Employers will have a harder time restricting workers from wearing union buttons and other emblems on the job thanks to the federal labor board’s recent ruling.
In a decision involving
The ruling comes amid a surge in labor organizing across the country. Unions notched more wins in NLRB-administered elections in the first six months of 2022 than in the first half of any year since 2005, according to an analysis of Bloomberg Law union election data. Unions’ approval rating has hit a 57-year high, according to Gallup polling data released Tuesday.
Workers visibly demonstrating their solidarity with one another and commitment to their unions by wearing union shirts, buttons, and hats can have an impact on workplace organizing, said Rebecca Givan, a professor of labor studies and employment relations at Rutgers University.
“It shows coworkers and the public that workers are strong union supporters,” Givan said. “When workers show their support, they also affirm that they might take more job actions in support of their collective demands.”
Workers have long had the right to wear union buttons and other insignia under the US Supreme Court’s 1945 decision in Republic Aviation Corp. v. NLRB. But employers can restrict such demonstrations of union support when justified by “special circumstances.”
The NLRB in 2019 created an exception to that general rule in Wal-Mart Stores, Inc., which said employers don’t need to show special circumstances to limit the size or appearance of union buttons and other logos. Instead, the board said, the lawfulness of such restrictions would be assessed using the less demanding test for workplace rules from the NLRB’s 2017 decision in Boeing Co.
But in Monday’s decision, the Biden NLRB said Wal-Mart was fundamentally flawed because the ruling treated the display of union emblems as a privilege granted by employers, rather than a labor law right that must be accommodated unless there are special circumstances.
“Accordingly, the Board’s decision in Wal-Mart cannot be squared with Republic Aviation and its progeny and therefore must be overruled,” the board said.
New Precedent Set
The Republican-controlled board in February 2021 requested public comments in a case against Tesla asking whether it should reconsider an Obama-era ruling on union insignia in the workplace.
That 2010 ruling—Stabilus, Inc.—said employers can’t sidestep Republic Aviation’s special-circumstances test by mandating uniforms or other clothing in the workplace that prevents employees from wearing apparel with union insignia.
The board ruled in March 2021 that Tesla committed several unfair labor practices, but it held off making a decision on the union insignia issue.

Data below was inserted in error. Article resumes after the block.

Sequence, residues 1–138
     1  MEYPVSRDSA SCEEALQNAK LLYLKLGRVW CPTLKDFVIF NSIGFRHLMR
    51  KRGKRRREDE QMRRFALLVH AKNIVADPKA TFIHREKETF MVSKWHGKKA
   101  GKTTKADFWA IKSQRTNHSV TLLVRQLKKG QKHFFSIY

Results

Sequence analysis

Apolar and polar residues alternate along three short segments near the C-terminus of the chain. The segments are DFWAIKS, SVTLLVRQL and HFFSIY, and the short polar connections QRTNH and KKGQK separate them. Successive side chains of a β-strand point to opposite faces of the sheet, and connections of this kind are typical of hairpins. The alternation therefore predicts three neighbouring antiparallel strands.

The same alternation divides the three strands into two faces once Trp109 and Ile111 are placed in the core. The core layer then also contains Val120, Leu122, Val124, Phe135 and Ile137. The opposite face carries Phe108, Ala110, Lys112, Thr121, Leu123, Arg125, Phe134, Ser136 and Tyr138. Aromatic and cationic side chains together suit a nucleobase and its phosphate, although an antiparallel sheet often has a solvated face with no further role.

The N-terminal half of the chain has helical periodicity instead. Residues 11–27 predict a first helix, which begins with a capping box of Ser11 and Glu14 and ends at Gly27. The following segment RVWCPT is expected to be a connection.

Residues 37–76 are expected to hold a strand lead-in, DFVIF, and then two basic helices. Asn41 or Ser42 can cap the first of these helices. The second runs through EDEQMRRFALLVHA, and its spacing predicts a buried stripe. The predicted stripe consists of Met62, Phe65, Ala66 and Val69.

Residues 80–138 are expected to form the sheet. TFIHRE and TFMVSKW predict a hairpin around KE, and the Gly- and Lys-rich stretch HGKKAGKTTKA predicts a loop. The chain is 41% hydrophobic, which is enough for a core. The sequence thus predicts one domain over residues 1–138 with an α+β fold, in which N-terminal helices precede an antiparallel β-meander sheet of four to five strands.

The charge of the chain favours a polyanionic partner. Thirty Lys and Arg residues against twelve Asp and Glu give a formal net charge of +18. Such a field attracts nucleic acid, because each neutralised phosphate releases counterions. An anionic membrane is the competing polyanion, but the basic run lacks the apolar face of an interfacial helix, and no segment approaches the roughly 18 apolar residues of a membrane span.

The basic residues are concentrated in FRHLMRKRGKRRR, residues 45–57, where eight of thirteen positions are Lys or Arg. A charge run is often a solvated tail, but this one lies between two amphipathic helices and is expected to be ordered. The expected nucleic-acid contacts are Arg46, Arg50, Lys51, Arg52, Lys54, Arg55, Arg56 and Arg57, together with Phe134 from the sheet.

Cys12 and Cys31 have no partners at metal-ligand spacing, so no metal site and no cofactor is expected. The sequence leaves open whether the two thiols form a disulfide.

The NLRB’s Democratic majority on Monday held that Tesla illegally restricted workers from wearing pro-union shirts. The board ordered the company to change its dress code to permit workers to wear black union shirts.
Tesla didn’t respond to a request for comment on the ruling.
Potential Court Challenge?
Tesla could appeal the decision to federal circuit court, as the electric car maker did with the NLRB’s ruling that CEO Elon Musk illegally threatened workers via a tweet with the loss of stock options if they formed a union.
But the NLRB’s decision on union buttons will be difficult to challenge because it’s based on the Supreme Court’s Republic Aviation opinion, said Anne Marie Lofaso, a labor law professor at West Virginia University.
“The Supreme Court has laid down this line, so it would have to be the Supreme Court that undoes this,” said Lofaso, a former NLRB attorney. “And because there’s no circuit split on this issue, it won’t go up to the Supreme Court.”
The Republican NLRB members dissented, arguing the majority’s decision made “all employer dress codes presumptively unlawful.”
But the Democratic majority said the board has previously found special circumstances that justified employer restrictions on union buttons, including when their display could threaten employee safety, damage machinery or products, aggravate employee conflict, or unreasonably interfere with an employer’s public image.
Moreover, the ruling “does not implicate facially neutral employer dress codes that do not restrict or limit employees’ right to display union insignia,” the board majority said.
The case is Tesla, N.L.R.B., Case 32-CA-197020, 8/29/22.